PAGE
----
MACDOWELL, EDWARD. (1860-1908). American composer, pianist and teacher. DS. (“E.A. MacDowell”). 1p. Oblong 8vo. New York City, October 2, 1899. A partially-printed document signed by MacDowell acknowledging that ANGELA DILLER (1877-1968) is qualified to attend “Course 1.5” in Columbia University’s Department of Music. On Columbia University stationery.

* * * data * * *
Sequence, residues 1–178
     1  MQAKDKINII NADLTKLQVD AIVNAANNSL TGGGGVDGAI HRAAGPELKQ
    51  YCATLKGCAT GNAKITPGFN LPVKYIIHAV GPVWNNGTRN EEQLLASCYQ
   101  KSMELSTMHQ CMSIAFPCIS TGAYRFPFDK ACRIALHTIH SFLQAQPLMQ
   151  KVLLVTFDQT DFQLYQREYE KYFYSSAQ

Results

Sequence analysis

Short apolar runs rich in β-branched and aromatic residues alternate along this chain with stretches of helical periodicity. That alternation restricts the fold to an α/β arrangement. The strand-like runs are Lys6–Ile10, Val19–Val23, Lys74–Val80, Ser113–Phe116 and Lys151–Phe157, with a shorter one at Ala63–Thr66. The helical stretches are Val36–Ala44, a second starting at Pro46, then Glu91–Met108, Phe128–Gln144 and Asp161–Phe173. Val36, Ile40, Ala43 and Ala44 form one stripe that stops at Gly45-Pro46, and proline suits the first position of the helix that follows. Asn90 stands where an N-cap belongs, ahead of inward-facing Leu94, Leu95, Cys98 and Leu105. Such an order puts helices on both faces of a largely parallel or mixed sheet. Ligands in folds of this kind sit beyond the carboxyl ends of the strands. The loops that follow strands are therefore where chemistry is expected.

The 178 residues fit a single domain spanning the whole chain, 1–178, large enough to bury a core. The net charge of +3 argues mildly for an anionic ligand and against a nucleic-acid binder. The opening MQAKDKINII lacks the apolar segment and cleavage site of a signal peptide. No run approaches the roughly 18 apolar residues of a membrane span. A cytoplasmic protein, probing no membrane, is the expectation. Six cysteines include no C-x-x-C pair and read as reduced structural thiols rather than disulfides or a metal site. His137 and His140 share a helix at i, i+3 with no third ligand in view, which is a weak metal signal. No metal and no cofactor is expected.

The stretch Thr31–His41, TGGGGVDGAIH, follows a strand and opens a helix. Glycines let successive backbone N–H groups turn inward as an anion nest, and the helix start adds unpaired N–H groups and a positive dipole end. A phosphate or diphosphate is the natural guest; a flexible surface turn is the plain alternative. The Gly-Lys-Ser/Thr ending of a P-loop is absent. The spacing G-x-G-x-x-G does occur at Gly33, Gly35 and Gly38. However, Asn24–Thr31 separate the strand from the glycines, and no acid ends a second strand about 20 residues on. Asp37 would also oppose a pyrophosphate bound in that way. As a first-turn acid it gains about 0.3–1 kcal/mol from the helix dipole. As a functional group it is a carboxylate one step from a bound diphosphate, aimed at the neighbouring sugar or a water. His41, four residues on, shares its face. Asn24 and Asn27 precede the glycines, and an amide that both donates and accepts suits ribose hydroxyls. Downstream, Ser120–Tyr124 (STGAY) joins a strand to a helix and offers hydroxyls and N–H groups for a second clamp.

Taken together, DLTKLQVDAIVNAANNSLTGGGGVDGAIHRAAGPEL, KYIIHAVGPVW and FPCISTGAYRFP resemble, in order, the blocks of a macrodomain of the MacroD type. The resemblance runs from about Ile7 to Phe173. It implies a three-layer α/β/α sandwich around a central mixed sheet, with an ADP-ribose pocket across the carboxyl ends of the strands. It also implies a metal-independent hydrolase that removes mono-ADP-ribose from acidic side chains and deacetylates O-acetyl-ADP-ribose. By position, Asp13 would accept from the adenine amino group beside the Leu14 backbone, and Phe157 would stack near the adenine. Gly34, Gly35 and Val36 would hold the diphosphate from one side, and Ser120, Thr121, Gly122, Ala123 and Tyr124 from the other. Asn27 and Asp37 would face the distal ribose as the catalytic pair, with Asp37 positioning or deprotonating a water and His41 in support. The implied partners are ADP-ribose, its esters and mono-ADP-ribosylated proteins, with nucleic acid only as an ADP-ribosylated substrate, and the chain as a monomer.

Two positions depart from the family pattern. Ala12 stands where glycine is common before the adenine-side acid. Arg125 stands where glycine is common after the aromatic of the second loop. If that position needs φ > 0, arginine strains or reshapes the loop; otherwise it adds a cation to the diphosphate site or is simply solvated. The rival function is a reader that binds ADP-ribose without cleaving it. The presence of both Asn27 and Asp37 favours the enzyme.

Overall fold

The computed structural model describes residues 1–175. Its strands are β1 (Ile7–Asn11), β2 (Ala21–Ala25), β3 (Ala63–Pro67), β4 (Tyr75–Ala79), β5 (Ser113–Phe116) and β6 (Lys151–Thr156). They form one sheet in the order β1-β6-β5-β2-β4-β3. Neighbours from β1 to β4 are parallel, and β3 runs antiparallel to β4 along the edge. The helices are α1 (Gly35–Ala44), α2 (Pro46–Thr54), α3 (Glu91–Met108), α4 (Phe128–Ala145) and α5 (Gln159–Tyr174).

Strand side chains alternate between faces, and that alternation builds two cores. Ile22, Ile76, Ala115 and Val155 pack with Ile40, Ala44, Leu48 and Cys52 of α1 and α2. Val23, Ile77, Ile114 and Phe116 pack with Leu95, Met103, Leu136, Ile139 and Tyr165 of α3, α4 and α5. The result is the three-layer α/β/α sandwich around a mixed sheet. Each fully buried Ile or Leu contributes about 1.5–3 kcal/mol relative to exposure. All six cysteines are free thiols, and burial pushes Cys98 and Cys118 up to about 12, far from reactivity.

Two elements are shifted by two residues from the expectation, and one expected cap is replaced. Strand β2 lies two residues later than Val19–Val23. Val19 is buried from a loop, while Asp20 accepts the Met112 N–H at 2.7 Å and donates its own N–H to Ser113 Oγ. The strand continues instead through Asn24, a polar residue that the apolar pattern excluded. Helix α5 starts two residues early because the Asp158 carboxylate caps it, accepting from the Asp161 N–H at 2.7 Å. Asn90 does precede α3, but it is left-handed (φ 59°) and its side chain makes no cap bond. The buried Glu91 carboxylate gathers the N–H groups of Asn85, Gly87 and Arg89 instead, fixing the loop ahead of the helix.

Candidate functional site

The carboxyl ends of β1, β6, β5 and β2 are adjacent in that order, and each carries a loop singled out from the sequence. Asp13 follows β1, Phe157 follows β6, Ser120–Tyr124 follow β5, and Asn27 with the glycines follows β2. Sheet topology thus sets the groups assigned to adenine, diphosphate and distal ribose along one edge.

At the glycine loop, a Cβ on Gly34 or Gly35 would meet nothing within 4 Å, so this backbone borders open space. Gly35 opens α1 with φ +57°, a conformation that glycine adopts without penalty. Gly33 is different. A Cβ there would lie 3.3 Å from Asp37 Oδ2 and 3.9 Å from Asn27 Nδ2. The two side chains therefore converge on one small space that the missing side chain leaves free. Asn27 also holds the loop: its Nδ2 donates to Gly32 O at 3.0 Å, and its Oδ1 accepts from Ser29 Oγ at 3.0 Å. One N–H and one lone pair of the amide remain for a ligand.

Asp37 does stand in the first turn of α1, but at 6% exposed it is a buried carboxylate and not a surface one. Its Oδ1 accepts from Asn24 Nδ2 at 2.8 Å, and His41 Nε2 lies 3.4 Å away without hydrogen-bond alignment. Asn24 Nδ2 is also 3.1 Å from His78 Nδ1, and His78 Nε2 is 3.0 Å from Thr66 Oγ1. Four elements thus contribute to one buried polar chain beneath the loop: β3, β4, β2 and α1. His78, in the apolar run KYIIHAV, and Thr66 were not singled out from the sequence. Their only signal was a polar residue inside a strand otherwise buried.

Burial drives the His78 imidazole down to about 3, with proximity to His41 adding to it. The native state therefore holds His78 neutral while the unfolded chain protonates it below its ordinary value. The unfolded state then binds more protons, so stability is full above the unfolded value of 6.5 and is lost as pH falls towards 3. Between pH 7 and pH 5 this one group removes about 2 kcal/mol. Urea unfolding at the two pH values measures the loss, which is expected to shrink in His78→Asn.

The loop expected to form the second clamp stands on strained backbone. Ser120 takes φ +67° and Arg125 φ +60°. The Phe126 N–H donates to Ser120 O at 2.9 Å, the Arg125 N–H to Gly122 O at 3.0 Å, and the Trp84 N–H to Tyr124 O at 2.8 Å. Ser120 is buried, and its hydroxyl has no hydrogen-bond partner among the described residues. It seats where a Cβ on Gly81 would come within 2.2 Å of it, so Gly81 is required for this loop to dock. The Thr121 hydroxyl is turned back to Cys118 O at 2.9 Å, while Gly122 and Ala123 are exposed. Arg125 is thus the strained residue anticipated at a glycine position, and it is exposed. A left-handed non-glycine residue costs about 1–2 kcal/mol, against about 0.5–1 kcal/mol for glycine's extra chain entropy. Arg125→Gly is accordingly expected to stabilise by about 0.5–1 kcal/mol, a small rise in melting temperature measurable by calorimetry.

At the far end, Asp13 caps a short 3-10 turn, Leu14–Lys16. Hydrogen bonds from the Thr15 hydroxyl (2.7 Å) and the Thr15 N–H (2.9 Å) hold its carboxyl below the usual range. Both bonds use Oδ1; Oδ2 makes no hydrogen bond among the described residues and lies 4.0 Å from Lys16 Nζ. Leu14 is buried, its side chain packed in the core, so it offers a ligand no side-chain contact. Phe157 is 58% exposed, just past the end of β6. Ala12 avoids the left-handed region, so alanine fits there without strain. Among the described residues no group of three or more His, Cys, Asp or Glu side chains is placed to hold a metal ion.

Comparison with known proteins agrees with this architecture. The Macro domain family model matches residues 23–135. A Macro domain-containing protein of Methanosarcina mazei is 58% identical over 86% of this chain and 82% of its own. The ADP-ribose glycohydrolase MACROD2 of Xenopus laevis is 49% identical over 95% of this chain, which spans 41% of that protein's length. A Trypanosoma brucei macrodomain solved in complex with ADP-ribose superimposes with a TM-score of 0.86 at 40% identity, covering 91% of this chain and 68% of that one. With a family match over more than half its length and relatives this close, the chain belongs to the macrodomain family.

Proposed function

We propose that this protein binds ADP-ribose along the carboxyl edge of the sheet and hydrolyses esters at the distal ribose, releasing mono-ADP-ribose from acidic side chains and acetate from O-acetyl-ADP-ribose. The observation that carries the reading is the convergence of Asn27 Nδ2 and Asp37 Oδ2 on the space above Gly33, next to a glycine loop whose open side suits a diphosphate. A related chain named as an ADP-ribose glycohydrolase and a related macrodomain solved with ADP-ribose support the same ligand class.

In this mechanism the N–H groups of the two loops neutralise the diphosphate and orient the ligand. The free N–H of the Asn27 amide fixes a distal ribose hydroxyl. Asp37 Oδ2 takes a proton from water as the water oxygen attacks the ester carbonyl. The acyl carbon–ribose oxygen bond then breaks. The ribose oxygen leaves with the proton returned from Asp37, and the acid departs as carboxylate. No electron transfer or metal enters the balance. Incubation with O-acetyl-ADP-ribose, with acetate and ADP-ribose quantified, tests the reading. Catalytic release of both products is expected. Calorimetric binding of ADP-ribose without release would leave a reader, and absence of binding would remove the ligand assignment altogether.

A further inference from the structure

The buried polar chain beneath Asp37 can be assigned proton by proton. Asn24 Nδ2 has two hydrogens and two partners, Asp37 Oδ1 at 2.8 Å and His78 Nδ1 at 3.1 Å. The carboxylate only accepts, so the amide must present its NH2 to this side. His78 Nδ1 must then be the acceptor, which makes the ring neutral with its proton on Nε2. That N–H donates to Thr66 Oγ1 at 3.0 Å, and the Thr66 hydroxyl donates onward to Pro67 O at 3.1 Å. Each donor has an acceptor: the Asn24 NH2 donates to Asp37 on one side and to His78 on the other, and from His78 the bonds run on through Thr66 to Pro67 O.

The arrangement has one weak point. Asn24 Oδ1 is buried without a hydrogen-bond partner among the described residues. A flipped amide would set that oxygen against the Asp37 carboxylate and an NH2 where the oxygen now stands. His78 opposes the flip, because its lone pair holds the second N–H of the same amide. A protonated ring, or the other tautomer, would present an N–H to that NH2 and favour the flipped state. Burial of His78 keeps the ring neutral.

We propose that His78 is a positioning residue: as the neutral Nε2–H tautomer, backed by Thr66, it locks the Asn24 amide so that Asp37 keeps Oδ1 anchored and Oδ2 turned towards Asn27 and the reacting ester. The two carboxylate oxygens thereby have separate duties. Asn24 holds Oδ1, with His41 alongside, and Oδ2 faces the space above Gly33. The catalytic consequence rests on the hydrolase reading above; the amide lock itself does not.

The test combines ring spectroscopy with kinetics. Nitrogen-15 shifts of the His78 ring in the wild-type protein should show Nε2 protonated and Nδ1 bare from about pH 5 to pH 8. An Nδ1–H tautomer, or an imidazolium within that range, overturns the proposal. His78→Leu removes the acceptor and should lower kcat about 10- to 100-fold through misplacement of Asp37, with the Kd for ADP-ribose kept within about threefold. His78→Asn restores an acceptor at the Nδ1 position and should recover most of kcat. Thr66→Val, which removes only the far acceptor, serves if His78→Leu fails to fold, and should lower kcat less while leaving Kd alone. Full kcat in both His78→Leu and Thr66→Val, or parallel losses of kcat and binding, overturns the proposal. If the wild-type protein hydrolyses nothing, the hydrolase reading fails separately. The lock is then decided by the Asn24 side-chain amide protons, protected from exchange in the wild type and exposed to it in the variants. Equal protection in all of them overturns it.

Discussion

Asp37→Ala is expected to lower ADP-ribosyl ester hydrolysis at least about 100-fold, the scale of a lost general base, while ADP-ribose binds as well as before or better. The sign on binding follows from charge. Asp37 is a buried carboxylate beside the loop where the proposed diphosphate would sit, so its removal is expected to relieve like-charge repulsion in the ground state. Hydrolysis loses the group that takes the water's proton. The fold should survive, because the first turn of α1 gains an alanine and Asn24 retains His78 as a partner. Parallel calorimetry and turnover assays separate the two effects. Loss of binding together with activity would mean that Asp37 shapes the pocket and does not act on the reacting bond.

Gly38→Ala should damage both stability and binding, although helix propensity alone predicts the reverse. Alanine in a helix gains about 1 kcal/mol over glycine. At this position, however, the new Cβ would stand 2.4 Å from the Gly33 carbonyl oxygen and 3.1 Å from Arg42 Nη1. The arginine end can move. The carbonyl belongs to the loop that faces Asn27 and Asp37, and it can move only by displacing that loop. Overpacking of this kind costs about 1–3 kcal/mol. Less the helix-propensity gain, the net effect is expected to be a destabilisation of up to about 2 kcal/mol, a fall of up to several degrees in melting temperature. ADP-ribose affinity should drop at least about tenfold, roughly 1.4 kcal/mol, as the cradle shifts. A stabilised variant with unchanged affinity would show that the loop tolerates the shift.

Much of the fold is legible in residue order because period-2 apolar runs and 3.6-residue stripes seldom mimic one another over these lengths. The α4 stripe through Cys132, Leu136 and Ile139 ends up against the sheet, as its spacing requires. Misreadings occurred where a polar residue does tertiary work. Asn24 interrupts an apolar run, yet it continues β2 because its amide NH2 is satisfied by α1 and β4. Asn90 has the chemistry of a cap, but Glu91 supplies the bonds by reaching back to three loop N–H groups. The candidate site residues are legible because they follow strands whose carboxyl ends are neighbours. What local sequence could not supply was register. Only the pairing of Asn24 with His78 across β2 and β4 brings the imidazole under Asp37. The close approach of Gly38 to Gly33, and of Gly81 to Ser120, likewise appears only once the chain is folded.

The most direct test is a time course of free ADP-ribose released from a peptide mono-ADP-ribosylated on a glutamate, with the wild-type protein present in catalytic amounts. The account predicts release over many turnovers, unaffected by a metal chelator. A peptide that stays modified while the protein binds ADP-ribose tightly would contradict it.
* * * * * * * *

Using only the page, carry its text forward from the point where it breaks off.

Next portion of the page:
After studying in Germany and earning Franz Liszt’s recognition, MacDowell returned to the United States to make name for himself as a pianist and composer. In May 1896, MacDowell became Columbia University’s first professor of music. In addition to teaching, he continued to conduct, perform and compose, producing some of his finest piano works, including Sea Pieces (Op. 55), the Third (“Norse”) Sonata (Op. 57) and Fireside Tales (Op. 61). MacDowell resigned from Columbia in 1904 after conflicts with university president Nicholas Murray Butler regarding the establishment of a fine arts program at the university. MacDowell’s health rapidly declined into complete dementia, possibly due to the chronic use of bromide sedatives; he died at the age of 48.